With a Republican governor, legislature and President Trump’s victory in the 2016 election, Iowa is shifting red – and now, national press is taking note.
The New York Times over the weekend published an in-depth story highlighting Iowa’s shift to the Republican column, explaining how an antiquated Democratic party has failed to compete in the state that brought Barack Obama to the White House.
The New York Times writes,
“There is little to suggest a future for the party here in this once reliable Democratic stronghold.”
“Democrats hoping to put the state back in play have a difficult challenge. Jean Pardee, who led the Clinton County Democrats until March and has been on the state central committee for four decades, said she feared that her party no longer connected with the working-class voters of her town.”
Iowa’s most prominent pollster, J. Ann Selzer, remarked, “There has been a ‘reddification’ of Iowa, for better or for worse.”
Now, Democrats in Iowa are simultaneously panicking – and moving left on the issues.
While national Democrats gather and fret about the need to “regain the trust of rural voters” and stop getting “smoked” in rural areas, Democratic candidates for governor are embracing policies that could hurt rural voters.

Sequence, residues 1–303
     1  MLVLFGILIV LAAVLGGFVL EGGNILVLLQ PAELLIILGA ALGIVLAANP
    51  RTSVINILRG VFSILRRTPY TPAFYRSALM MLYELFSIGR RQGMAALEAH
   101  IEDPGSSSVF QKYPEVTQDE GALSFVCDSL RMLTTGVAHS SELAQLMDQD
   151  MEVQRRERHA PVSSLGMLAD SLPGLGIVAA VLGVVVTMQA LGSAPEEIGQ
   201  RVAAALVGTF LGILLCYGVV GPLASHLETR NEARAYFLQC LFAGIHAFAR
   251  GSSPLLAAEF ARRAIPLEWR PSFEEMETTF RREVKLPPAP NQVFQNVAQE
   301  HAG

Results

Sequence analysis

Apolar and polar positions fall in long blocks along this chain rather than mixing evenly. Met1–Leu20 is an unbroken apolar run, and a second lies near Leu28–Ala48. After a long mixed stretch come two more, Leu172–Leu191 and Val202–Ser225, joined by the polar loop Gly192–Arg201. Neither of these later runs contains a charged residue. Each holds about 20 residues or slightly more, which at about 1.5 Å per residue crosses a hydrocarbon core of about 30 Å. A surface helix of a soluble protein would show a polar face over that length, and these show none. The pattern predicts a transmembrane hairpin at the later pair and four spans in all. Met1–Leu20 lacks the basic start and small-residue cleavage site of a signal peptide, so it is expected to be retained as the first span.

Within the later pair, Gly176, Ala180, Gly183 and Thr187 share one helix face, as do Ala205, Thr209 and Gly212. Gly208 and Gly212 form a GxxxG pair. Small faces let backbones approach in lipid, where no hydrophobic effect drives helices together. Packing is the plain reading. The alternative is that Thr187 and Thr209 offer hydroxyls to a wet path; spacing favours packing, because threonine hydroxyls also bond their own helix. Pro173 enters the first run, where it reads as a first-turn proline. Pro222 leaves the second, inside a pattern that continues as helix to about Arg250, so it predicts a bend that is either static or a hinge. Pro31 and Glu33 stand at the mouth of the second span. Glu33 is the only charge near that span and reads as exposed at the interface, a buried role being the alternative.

Take gubernatorial candidate and “labor leader” Cathy Glasson. Glasson, from liberal Iowa City, is staking her campaign on a plan to have Iowa run its own “Medicare-for-all” socialized healthcare system – which would force a massive $12 billion tax increase Iowans can’t afford.
Unions are also rallying behind Des Moines liberal Nate Boulton, an untested State Senator who was first elected last November. Boulton is already facing questions over his “age & experience.”
Iowa is trending red, and democratic candidates for governor are working to make that trend stick.
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